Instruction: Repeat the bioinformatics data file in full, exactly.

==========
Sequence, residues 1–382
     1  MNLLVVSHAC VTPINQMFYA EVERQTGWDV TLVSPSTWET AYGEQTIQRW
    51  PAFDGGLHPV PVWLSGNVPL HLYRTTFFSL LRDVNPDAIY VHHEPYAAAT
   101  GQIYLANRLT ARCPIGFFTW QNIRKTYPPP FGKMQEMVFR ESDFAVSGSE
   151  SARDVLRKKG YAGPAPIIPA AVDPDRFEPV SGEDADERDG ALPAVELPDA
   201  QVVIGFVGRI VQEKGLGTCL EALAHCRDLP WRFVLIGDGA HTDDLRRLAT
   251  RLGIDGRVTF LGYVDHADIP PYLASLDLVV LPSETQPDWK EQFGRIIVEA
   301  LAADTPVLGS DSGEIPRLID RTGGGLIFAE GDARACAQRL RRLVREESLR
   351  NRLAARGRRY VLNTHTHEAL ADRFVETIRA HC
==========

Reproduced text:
Sequence, residues 1–382
     1  MNLLVVSHAC VTPINQMFYA EVERQTGWDV TLVSPSTWET AYGEQTIQRW
    51  PAFDGGLHPV PVWLSGNVPL HLYRTTFFSL LRDVNPDAIY VHHEPYAAAT
   101  GQIYLANRLT ARCPIGFFTW QNIRKTYPPP FGKMQEMVFR ESDFAVSGSE
   151  SARDVLRKKG YAGPAPIIPA AVDPDRFEPV SGEDADERDG ALPAVELPDA
   201  QVVIGFVGRI VQEKGLGTCL EALAHCRDLP WRFVLIGDGA HTDDLRRLAT
   251  RLGIDGRVTF LGYVDHADIP PYLASLDLVV LPSETQPDWK EQFGRIIVEA
   301  LAADTPVLGS DSGEIPRLID RTGGGLIFAE GDARACAQRL RRLVREESLR
   351  NRLAARGRRY VLNTHTHEAL ADRFVETIRA HC